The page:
Wednesday 13 December 2017

Perivolakia – Rooftops and Pergolas

From Voila we'll make our way back to the main Sitia-Makrigialos road, travel south for a bit and then take the turn off for the village of Perivolakia. We could take a left at Etia and cut across country but I'm none too sure about the road surface and I'm a coward. Sometimes this village is spelt Perivolakia (which means pergolas) and sometimes Pervolakia (which means rooftops) and we have one of each on the left here. We also have a cascade of Mesembryanthemum flowing down this wall being pollinated by a couple of Hymenopterans. The big purple/black one is a Carpenter Bee and the little black one with the red legs is an Ichneumon Wasp. These wasps lay their eggs in the larvae of other living insects which troubled Charles Darwin somewhat. In a letter to Asa Gray, an American naturalist who spent much of his time promoting the idea that God and science were not mutually incompatible, Darwin wrote “I cannot persuade myself that a beneficent and omnipotent God would have designedly created the Ichneumonidae with the express intention of their feeding within the living bodies of Caterpillars”. It all depends upon your interpretation of “God” I suppose.

The path that we're on leads eventually through the Per(i)volakia Gorge to the Kapsa monastery and is waymarked with red arrows apart from at this little gully where it isn't. Which shall we take; left, right or centre? Middle for diddle? That was lucky, a little red arrow about twenty yards up the track (well, the Cretans did invent the labyrinth). I think we'll just go as far as those Cypress trees up there and have a scrabble around. Can you hear that Raven cronking away to our right somewhere? There he is, announcing our presence to all and sundry. Incidentally, the Cypress tree is named after Kyparissos, one of Apollo's boyfriends who accidentally killed his pet stag. Overwhelmed by grief he turned into a Cypress tree. Not a common occurrence, even in ancient Greece.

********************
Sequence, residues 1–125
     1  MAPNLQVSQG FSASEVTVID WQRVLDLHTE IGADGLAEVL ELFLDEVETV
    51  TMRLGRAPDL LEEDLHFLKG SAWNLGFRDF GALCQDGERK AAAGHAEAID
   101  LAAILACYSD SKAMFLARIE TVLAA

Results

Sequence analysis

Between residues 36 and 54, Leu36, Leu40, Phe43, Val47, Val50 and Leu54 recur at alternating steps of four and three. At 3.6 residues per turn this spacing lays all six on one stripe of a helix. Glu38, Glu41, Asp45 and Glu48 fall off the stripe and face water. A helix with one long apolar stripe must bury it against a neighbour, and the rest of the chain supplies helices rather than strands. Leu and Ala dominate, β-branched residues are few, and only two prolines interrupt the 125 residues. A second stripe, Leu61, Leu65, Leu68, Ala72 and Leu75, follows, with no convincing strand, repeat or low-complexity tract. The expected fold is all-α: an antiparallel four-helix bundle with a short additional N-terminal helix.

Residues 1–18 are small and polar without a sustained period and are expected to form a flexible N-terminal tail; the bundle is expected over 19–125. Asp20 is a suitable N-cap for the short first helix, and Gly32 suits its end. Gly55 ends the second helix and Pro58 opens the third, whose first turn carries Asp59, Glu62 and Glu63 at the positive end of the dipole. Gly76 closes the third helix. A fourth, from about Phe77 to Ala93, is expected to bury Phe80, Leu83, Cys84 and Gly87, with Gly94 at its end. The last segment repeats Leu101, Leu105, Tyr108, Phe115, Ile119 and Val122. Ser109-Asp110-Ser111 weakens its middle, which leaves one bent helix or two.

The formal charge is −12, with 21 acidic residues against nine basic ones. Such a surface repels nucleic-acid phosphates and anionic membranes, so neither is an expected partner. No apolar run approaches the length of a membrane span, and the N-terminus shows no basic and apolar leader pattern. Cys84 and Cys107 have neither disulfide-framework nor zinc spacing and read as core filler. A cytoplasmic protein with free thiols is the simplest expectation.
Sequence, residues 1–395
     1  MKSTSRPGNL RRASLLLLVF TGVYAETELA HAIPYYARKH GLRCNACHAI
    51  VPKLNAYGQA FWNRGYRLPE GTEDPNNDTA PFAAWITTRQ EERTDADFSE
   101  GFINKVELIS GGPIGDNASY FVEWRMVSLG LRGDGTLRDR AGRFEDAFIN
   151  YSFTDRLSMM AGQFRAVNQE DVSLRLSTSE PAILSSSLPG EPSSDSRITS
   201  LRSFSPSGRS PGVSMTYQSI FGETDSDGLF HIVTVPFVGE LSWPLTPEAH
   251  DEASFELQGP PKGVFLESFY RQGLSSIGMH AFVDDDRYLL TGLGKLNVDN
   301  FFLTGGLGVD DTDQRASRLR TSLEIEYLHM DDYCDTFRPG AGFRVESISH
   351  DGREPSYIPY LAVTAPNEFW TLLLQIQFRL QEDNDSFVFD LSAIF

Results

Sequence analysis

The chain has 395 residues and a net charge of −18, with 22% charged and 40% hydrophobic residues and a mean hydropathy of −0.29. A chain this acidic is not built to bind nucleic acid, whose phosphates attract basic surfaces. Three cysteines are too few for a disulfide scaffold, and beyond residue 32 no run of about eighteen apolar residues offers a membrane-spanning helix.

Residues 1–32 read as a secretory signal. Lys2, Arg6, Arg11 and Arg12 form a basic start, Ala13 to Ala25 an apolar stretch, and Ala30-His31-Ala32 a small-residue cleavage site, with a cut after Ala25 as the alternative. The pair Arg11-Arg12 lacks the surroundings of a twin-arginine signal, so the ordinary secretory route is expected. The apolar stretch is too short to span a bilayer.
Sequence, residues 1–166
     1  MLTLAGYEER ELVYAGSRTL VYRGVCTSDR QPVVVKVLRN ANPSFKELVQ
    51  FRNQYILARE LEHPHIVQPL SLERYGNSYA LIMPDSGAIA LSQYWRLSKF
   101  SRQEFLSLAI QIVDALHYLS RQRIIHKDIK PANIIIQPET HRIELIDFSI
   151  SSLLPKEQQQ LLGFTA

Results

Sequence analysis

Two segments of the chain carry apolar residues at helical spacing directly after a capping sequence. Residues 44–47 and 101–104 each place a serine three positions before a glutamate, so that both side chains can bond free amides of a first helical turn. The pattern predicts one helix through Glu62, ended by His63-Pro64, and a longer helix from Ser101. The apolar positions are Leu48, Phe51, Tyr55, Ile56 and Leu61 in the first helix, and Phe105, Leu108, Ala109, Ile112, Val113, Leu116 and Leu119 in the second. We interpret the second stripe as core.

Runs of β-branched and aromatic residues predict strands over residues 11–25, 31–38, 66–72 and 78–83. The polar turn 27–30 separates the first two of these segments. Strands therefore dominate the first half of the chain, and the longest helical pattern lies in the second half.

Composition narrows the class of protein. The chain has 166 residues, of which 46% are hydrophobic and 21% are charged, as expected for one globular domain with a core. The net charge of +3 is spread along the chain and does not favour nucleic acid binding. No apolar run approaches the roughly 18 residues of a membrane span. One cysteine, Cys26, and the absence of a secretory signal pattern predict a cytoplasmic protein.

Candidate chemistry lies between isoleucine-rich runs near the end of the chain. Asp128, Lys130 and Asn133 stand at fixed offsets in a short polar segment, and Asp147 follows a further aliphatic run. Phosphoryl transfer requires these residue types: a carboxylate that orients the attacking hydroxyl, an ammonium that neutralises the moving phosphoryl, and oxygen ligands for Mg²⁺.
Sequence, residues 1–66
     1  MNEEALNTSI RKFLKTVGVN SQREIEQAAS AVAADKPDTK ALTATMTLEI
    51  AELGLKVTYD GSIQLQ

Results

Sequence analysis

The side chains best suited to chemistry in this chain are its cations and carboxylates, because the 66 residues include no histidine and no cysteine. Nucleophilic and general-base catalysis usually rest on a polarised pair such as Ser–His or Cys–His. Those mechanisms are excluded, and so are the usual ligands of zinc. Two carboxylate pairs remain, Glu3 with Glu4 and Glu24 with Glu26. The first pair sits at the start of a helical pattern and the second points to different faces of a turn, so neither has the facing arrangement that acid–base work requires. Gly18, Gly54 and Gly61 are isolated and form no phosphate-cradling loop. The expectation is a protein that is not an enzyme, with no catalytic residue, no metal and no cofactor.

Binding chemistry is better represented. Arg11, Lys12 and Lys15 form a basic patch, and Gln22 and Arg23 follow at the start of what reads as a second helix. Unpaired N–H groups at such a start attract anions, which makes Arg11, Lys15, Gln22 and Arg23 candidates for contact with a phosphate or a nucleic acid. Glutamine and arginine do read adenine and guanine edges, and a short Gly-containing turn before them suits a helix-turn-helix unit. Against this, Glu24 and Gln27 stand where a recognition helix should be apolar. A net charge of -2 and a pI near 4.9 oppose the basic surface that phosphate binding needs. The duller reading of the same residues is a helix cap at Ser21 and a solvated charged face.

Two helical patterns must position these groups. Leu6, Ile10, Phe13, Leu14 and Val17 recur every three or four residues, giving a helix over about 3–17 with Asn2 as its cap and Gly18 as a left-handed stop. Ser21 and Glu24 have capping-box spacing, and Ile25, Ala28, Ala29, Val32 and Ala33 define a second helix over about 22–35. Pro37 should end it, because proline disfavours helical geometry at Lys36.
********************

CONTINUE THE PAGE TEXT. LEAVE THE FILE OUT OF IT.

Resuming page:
That was quite a hill that we just climbed so I think we'll rest by the wayside and take a look under a few rocks while we get our breath back. A nice couple of snails here, the two-toned job sitting on the fennel stalk is a Chocolate-banded Snail, Eobania vermiculata. The vermiculata part means noodles. Apparently the shell pattern reminded its discoverer of vermicelli which goes to show that you should never ask a malacologist to name something just before lunch. The other one is a Green Garden Snail which are collected from the wild in these parts at this time of year when they are most active. We humans have been roasting snails and eating them for over 25,000 years and it wasn't the French who started the trend in Europe but the Spaniards (or least-ways the Homo sapiens who were living on the Iberian peninsula at the time 1).

Having found our snails we could do with a few vegetables to accompany them so how about some asparagus? As you go trampling over this golden hillside in search of it (which I doubt you'll find) you are crushing beneath your feet a perfectly acceptable substitute. This is Field Eryngo and, although it is the young shoots that you can use in place of asparagus, the roots can also be cooked as a vegetable and in addition you can candy them for dessert if you wish. That's lunch settled then. Looking down the hillside you can see the rooftops of the village so I think that Pervolakia without the 'i' is probably the more appropriate name.